Two talks exploring eugenics in the United States and the American Communist Party
Free | Drop in
For the Greater Good: the Eugenic Past of the United States
Though eugenics is now most often associated with Nazi Germany, in the early twentieth century the United States also attempted to improve the genetic makeup of its citizens through ‘better breeding.’ While this included seemingly benign efforts such as ‘fitter family’ contests, eugenic themes in popular media, and propaganda encouraging ‘hygienic marriage’, it also extended to the detention and forcible sterilisation of people judged unfit to reproduce. Sara Taylor examines the history of this movement and its impact on the lives of ordinary people.
American Communist Party Pamphlets and the Struggle to be American, 1936–1945
The Communist Party of America was founded in 1919. With its mostly immigrant composition and its foundations in Russian Bolshevism, it seemed acutely alien to American society and initially struggled with what made it a distinctly ‘American’ party. In the late 1930s it began forming coalitions across the left-liberal spectrum in an attempt to insert itself into mainstream political life. Under Earl Browder, the Party’s new slogan – ‘Communism is Twentieth Century Americanism’ – dominated party literature. For the next few years, the Party portrayed itself as being as American as apple pie, so much so that its propaganda in some cases became unrecognisable as ‘Marxist’ literature. Significant membership gains were made throughout the 1930s as a result, but in pursuing popular Americanism, did the Party sacrifice its Marxist identity? Jodie Collins explores how the Party’s pamphlets convey its struggle to be ‘American’ to the public, and the gains and sacrifices made by the Party in doing so.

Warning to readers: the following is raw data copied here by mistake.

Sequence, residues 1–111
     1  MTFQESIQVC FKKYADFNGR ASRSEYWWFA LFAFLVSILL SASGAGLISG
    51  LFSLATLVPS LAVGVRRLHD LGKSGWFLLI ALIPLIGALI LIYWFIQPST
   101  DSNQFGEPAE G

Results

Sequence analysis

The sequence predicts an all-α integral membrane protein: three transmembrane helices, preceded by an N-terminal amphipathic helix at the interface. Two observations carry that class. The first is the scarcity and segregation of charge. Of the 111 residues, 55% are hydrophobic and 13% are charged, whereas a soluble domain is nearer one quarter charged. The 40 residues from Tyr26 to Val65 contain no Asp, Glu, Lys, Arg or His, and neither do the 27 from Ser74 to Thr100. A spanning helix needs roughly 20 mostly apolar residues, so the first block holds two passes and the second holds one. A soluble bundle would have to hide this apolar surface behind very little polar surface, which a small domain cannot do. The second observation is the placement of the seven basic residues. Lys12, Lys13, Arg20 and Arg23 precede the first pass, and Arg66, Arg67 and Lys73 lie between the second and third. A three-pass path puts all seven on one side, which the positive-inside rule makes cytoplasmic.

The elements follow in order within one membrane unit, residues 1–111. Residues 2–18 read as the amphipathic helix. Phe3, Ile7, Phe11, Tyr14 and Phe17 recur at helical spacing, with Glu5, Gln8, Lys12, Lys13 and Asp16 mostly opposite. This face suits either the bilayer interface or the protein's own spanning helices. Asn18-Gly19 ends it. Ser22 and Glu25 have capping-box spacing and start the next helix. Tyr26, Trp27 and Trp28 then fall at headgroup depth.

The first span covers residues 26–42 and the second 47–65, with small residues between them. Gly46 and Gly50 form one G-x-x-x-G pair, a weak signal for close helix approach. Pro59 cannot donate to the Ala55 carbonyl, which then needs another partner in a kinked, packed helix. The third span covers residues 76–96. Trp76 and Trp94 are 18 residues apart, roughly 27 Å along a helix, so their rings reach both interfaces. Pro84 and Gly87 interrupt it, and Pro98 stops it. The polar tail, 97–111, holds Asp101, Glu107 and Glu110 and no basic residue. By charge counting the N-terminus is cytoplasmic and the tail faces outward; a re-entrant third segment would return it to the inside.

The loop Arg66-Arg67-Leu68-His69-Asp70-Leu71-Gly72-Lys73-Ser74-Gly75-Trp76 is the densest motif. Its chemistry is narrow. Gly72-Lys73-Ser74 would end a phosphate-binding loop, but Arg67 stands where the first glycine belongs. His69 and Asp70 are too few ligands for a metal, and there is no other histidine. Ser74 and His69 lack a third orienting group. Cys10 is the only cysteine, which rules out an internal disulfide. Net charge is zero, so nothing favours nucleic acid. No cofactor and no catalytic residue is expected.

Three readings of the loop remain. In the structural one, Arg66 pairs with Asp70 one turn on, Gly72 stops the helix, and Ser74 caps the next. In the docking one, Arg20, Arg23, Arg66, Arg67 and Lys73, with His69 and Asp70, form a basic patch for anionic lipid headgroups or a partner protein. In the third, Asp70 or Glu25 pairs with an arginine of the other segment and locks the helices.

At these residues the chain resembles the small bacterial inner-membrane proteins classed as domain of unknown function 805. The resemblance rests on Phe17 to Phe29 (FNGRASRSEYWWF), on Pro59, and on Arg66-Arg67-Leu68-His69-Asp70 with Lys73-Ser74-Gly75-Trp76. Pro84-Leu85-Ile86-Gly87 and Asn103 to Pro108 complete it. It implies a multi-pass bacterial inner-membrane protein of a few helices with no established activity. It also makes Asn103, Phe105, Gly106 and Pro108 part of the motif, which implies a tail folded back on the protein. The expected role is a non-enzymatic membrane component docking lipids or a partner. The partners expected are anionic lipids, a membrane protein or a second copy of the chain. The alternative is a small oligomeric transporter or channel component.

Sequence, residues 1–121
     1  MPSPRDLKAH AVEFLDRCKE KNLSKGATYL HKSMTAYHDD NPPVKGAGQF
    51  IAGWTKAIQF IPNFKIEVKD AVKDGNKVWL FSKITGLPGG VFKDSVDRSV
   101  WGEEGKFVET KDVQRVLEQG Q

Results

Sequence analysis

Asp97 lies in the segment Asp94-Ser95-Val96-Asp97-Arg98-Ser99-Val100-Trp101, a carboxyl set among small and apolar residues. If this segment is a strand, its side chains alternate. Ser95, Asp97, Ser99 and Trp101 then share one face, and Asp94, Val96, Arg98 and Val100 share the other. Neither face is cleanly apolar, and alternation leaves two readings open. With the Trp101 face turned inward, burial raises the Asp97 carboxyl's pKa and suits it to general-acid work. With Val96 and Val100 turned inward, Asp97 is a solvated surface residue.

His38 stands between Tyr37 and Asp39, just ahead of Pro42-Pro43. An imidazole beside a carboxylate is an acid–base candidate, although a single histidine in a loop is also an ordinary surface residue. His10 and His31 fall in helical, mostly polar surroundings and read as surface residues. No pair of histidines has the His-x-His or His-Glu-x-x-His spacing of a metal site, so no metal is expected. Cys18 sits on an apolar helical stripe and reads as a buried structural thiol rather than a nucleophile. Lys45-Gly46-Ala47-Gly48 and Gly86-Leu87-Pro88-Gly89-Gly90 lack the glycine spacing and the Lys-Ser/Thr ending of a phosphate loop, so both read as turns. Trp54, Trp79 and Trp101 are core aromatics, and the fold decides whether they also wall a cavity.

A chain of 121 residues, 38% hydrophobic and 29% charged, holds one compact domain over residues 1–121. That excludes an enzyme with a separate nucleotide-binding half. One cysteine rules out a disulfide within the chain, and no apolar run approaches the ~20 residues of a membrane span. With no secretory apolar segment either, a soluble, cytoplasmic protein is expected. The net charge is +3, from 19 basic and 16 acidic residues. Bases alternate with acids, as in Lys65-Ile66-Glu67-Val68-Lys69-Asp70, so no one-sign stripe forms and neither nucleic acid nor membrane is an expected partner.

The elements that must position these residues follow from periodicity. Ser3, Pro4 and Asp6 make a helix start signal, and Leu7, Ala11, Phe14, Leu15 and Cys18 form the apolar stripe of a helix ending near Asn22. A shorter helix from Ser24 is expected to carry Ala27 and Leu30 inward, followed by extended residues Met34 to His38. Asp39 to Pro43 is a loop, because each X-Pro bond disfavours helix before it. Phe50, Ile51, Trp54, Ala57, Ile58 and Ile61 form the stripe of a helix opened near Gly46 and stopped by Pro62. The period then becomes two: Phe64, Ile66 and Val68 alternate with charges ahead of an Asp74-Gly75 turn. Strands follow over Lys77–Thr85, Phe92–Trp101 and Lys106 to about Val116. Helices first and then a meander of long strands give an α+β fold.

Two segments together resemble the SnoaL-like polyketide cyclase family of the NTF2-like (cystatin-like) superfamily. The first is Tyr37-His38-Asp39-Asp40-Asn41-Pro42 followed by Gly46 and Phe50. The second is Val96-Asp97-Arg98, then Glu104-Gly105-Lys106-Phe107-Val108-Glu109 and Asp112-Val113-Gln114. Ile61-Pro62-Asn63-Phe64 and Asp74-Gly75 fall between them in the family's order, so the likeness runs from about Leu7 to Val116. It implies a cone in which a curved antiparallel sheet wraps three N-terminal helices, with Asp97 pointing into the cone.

Sara Taylor’s novels explore the social construction of identity, sexuality, and family; her academic work deals with the effect of extralegal censorship on the US education system. She also acts as co-director and editor of creative-critical publisher Seam Editions. She is a 2019 Eccles British Library Writer’s Award winner.
Jodie Collins is in the second year of her collaborative PhD between the University of Sussex and the British Library. Her research examines the use of pamphlets and pamphleteering, primarily by Communists in America, 1919-1945. Her aim is to create a webspace that will promote the British Library's American political pamphlets to researchers, students and the public.
The Summer Scholars season of free lunchtime talks explores the broad and exciting range of research being conducted in the North American collections at the British Library by Eccles Centre Fellows and Award winners. Tea and coffee will be served and attendees are welcome to bring their lunch.